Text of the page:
At this site, there's even a Mentos Journal, with erudite essays such as Brian Sack's interpretation of the "Car Movers" commercial as a metaphor for the struggle between the Proletariat and the Bourgeoisie.

Among the frequently asked questions is, "Where were the commercials filmed?" (The consensus is that they were filmed in the U.S., despite their European je ne sais quoi.) "Can you explain the appeal of the Mentos commercials, and of Mentos themselves?" I asked one of the Web site's founders. Jeff Nucera replied: No, I can't figure out why people want to know about Mentos . . . but [our site has] had almost 140,000 hits so far. Beats me!" (4)

Band-Aids and Sausages

If you bought an old house and found a garage filled with antique Band-Aid tins that had been used by the home's previous owner to store nails, washers, and the like, what would you do? Why, you'd make a Web page with scanned images of the Band-Aid boxes, of course. That's just what Kevin Savetz has done, with his 75 Years of Band-Aid page (www.savetz.com/ bandaid/). In point of fact, Savetz had only about 50 years' worth of Band-Aid boxes; additional photos of ancient tins were donated by other adhesive-strip aficionados who saw the page.

Savetz thoughtfully provides a link to the Johnson & Johnson home page, which includes the company's own Band-Aid information, including a Band-Aid Timeline and a Band-Aid Quiz ("Which of the following stars has appeared in a commercial for Band-Aid Brand: John Travolta, Brooke Shields or Lassie?") (3.5)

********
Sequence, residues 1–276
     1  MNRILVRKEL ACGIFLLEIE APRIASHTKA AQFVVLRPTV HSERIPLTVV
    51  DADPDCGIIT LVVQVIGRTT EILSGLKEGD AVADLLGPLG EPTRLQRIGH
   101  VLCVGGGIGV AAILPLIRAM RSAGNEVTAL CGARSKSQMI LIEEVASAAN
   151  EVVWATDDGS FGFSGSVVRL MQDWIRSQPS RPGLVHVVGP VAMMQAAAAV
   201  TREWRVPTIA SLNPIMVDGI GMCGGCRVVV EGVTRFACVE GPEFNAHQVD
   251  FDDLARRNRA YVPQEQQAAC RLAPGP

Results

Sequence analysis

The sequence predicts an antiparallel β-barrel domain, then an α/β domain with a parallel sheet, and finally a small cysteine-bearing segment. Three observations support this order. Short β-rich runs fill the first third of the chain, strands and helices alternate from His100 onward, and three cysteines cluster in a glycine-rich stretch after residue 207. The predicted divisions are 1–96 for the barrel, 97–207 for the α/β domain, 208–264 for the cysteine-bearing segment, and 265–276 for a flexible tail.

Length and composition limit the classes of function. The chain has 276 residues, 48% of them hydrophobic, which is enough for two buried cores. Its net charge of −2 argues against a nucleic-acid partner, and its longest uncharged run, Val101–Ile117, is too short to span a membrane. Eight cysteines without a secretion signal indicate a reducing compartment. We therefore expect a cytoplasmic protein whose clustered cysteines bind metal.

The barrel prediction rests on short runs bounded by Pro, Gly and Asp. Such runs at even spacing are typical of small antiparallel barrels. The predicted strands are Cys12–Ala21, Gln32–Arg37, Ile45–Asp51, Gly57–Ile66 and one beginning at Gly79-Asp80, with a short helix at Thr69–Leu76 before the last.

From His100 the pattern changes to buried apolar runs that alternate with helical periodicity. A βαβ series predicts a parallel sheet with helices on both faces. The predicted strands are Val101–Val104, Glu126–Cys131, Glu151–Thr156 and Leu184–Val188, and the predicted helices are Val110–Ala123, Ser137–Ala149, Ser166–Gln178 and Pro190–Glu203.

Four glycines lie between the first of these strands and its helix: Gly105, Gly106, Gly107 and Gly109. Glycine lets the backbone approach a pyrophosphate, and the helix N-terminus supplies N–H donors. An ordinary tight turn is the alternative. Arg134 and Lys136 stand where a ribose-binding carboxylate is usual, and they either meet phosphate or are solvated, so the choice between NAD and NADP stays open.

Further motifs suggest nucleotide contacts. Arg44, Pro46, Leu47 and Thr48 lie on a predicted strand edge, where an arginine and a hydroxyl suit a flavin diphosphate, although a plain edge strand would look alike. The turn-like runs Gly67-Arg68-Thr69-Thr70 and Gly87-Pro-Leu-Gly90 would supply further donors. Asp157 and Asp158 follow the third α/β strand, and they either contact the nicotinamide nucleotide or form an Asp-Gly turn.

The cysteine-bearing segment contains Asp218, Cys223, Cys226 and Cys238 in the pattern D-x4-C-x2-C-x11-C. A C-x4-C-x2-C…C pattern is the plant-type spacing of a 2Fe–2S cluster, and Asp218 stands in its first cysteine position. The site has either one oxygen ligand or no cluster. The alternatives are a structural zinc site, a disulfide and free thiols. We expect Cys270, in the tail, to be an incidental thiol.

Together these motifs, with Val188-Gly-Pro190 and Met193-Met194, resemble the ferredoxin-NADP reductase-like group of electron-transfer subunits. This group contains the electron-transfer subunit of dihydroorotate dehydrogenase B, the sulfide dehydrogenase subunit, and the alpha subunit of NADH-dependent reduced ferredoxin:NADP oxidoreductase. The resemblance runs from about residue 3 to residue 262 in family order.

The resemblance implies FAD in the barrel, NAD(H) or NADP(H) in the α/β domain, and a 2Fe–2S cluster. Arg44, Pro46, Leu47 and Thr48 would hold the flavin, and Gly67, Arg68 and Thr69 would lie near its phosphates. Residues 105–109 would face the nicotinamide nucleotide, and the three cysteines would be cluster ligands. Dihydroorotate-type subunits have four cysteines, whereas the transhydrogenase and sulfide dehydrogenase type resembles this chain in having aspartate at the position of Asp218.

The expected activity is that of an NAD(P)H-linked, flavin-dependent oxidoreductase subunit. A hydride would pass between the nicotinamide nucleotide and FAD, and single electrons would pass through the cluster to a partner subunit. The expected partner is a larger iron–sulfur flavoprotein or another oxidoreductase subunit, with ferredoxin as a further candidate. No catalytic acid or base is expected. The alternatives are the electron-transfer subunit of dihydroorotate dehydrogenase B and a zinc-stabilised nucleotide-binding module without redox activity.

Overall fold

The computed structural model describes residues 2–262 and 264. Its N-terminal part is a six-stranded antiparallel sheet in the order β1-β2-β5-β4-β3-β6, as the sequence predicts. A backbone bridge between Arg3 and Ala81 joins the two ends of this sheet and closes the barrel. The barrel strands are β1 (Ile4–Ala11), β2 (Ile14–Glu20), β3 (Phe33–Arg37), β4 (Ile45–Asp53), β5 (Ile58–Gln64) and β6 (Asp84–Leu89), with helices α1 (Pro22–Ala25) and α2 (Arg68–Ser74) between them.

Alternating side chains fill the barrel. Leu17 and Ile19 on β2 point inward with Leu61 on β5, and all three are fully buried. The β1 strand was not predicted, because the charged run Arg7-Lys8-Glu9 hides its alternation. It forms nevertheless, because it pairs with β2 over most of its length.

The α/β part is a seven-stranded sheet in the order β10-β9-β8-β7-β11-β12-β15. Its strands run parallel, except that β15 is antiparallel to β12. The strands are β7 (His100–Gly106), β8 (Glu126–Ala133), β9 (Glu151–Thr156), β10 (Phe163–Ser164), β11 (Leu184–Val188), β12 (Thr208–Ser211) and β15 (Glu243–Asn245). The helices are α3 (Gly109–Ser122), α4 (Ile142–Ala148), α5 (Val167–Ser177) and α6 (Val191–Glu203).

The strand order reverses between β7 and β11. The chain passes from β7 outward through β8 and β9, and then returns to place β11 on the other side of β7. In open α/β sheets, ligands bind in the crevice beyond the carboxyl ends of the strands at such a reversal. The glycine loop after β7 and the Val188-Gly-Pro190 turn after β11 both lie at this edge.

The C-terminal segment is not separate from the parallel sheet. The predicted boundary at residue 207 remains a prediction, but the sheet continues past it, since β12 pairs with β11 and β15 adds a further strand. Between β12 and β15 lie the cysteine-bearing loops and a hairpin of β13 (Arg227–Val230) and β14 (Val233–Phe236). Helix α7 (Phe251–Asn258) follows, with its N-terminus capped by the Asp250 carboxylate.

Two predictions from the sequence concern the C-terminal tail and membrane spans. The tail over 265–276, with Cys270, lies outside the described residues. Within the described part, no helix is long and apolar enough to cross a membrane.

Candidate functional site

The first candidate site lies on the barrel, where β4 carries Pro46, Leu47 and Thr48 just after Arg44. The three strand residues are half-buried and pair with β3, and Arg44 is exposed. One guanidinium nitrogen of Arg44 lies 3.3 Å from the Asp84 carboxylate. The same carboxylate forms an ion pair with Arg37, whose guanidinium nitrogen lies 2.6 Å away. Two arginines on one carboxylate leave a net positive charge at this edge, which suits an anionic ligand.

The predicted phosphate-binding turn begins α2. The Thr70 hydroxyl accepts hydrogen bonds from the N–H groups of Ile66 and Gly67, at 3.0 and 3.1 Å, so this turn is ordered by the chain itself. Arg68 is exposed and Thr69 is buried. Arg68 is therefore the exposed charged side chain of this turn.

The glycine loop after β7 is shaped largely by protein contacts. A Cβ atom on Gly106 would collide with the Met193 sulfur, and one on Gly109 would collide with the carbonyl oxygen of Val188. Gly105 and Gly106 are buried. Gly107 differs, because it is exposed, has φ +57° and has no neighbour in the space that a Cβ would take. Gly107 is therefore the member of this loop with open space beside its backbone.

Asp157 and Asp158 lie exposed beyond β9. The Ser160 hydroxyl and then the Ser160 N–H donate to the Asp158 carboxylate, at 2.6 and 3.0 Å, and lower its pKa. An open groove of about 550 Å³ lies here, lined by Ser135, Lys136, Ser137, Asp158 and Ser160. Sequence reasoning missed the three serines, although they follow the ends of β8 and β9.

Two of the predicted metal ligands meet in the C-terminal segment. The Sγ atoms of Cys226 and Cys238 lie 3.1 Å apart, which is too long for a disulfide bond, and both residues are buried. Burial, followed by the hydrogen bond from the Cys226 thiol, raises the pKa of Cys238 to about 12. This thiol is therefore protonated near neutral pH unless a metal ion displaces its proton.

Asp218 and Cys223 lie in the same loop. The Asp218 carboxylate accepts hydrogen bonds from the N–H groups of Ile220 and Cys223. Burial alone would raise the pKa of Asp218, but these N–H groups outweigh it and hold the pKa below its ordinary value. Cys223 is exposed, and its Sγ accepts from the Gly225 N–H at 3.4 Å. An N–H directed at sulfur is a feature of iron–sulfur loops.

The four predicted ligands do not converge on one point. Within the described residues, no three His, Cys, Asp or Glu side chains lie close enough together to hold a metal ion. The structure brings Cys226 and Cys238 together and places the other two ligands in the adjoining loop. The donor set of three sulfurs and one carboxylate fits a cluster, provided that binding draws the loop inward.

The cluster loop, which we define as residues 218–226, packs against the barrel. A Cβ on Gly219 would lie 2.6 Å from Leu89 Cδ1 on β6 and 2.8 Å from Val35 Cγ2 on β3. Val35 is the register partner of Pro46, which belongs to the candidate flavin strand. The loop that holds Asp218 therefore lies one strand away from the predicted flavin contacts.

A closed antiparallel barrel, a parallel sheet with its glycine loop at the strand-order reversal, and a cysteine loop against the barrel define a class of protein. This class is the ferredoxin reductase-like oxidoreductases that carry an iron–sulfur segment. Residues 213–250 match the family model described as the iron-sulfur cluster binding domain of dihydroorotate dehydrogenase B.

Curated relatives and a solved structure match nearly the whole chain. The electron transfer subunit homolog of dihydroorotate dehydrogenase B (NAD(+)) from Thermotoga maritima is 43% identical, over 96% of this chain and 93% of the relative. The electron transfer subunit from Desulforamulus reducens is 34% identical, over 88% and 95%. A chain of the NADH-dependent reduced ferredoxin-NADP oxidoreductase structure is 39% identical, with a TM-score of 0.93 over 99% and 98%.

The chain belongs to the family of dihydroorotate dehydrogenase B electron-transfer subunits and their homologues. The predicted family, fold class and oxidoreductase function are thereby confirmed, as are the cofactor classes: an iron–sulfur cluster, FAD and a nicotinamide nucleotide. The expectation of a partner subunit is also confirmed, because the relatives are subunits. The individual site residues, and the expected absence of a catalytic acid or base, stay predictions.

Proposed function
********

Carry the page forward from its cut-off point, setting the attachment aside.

In a similar vein, there's Jim Tipton's Vienna Sausage Labels page (www.findagrave.com/vienna.html), which shows labels from Libby's, Hormel and Armour Vienna Sausage cans, as well as bonus photos of Armour and Hormel Potted Meat Food Product labels. Why does this site exist? Let's just say it's Vienna sausage labels for Vienna sausage labels' sake.

Dissatisfied Customers

Not all product-related Web sites sing the praises of the brands they discuss. Donnie Deutsch take note: Danger! Danger! Ziniti's 'Down with Snapple!' page (www.fas.harvard.edu/ziniti/snapple.html) is the home of the Anti Snapple Association. "The ASA is based upon the ideal that the people at Snapple are corrupting the minds of our youth. The basis of this complaint stems from the commercials in which Snapple proclaims that it is all right to be 'number three' as opposed to striving to instill in our children the importance of trying to be the best." An Anti-Snapple Manifesto ensues. (1.5)

At the Citizens Rebellion Against Pringles page (www.stevenpockett.com/crap/index.html), C.R.A.P. founder Justin Uforuanme contends that the crispy snacks are highly addictive and should therefore be banned. All of these sites are thoroughly tongue-in-cheek, but who knows what sort of citizens' rebellion they might foment? After all, the masses revolted when the new Coca-Cola flavor was introduced in the '80s -- and that was before information could spread like wildfire over the Web! (1)

Whether you love or hate a particular product, chances are you'll find an impassioned discussion of it on the Web. If not, well, you can always create your own site.

Erfert Fenton is the co-author, with David Pogue, of the Weird Wide Web (IDG